Many Americans agree that The Andy Griffith Show was a very unique series, but is it really appropriate to be the topic of a continuous Bible class discussion? Joey Fann, class co-coordinator, has asked himself that question and also marvels that this avenue for the gospel has gotten so much recent attention. Local Huntsville televisions stations, two local newspapers, the Washington Post, USA Today Weekend and a Nashville TV station have all done segments on the class. Fann believes this is strong evidence of how popular and special the show is to many people in the country but moreover that the show highlights man’s humanity to man, a theme that stands the test of time. He says, “Although there are few direct references to the Bible … the show is filled with basic morals and Christian principles taught by the Scriptures.”

Barney Fife“If you are familiar with the series,” continues Fann, “it is not hard to think of an episode that portrayed a specific moral value. For example, ‘Andy On Trial’ shows us the value of friendship and how easy it is to put our friendships at risk when we are concerned with exalting ourselves, and it also shows how just saying ‘I’m sorry’ doesn’t automatically fix everything.”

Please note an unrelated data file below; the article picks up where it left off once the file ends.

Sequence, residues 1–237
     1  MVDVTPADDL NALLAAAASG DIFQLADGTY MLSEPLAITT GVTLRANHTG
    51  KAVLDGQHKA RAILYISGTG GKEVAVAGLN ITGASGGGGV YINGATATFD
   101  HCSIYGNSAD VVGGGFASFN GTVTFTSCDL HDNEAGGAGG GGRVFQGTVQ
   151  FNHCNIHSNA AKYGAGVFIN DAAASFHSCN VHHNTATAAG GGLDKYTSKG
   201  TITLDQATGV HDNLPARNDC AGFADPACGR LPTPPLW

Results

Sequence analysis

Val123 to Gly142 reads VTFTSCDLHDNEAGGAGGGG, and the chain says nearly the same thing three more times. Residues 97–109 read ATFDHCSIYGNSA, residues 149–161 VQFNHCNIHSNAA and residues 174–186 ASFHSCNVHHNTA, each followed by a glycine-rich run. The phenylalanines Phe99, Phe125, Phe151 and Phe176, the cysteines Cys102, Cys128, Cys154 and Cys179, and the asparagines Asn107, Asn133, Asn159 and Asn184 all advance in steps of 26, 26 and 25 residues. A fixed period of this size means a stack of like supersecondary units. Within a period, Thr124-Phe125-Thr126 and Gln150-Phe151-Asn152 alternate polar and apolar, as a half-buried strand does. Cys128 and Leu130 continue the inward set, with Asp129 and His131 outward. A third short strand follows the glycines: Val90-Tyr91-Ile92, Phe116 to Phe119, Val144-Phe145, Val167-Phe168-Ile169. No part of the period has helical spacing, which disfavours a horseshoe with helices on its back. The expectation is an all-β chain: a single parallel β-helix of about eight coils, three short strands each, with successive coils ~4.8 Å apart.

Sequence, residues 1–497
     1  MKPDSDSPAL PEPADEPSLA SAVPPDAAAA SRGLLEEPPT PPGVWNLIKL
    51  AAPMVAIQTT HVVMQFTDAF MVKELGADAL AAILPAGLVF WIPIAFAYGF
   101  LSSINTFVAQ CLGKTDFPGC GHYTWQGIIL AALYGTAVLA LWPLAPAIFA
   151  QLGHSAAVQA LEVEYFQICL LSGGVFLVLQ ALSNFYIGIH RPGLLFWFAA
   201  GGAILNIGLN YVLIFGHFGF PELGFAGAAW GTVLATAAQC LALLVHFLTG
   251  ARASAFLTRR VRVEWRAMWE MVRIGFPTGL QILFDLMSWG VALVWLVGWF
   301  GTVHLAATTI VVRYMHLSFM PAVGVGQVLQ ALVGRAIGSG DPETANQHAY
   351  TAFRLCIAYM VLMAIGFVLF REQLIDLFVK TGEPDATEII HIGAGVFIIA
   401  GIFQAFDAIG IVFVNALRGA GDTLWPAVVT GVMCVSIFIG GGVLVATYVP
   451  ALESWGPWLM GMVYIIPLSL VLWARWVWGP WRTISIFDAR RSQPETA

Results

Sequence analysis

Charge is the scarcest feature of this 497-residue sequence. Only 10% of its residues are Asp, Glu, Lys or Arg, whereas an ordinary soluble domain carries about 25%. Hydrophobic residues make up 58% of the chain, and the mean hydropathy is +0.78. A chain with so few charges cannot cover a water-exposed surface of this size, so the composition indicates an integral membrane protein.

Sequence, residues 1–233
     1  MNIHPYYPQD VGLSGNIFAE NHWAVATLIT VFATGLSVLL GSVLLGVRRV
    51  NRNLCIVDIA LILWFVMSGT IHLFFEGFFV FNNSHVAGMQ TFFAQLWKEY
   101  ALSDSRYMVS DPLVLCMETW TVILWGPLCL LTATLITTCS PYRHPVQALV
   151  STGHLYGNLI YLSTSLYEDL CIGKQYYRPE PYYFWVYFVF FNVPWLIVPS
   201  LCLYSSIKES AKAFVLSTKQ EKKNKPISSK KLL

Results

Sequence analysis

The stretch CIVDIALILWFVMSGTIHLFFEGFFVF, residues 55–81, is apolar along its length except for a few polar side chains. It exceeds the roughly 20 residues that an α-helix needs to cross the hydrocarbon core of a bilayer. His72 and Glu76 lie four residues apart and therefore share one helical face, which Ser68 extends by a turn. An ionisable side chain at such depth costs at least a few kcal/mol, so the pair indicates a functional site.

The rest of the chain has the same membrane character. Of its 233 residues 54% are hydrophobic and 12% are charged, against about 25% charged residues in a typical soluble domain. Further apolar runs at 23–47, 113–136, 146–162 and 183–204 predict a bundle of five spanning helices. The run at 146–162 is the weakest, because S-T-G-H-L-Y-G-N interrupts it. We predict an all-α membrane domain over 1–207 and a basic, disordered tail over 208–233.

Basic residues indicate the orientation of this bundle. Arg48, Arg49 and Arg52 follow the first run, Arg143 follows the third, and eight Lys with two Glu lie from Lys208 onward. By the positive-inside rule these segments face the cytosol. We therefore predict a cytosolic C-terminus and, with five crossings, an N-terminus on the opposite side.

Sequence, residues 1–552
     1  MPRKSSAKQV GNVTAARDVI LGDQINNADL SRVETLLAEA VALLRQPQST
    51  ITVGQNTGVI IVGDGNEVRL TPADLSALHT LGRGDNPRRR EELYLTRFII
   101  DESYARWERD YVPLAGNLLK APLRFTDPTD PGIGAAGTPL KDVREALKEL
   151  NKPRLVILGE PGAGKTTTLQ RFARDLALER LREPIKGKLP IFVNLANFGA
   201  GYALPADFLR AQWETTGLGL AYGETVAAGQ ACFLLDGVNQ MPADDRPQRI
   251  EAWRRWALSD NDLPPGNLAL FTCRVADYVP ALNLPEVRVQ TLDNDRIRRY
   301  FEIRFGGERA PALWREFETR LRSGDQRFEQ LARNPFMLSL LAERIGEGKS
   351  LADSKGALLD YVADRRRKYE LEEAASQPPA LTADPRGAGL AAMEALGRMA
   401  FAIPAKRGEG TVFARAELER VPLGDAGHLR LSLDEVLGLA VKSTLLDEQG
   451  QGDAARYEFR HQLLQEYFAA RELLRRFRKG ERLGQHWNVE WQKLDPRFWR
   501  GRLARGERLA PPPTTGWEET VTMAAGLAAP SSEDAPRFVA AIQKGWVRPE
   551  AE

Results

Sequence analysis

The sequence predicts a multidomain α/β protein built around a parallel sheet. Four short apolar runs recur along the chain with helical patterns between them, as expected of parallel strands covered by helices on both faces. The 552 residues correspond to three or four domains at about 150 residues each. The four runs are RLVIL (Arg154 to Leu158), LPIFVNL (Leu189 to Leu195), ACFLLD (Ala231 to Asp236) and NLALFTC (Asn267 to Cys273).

As the class members view this particular episode they laugh at Barney’s mischief, but his costly decisions eventually hurt Andy’s reputation. And a few have been caught with watery eyes when they observed the value of close friendships during Barney’s touching scene, defending Andy on the witness stand, which draws the episode to a close. “Greater love has no one than this, that he lay down his life for his friends” (John 15:13).

Andy and Opie a-fishinAs the familiar theme song closes the show, hearts become more sensitive. A short outline is handed out to the attendees and class discussion ensues. The various comments are more open because each individual has related to a character in ways he or she may not have expected.

That sometimes we inadvertently put our friendships at risk is just one simple truth that is highlighted with Scripture during Twickenham class discussion. In 1 Samuel 20:4 we hear Jonathan say to David “Whatever you want me to do, I’ll do for you.” He even made a covenant with the house of David to reaffirm his oath out of love for him, “because he loved him as he loved himself” (v. 17). It was not Barney’s intention to hurt Andy’s reputation, and his promise of friendship proved true at a crucial moment. Even more important was Andy’s forgiving response to the whole situation. “Get rid of all bitterness, rage and anger … forgiving one another, forgiving each other, just as in Christ God forgave you” (Ephesians 4:31-32).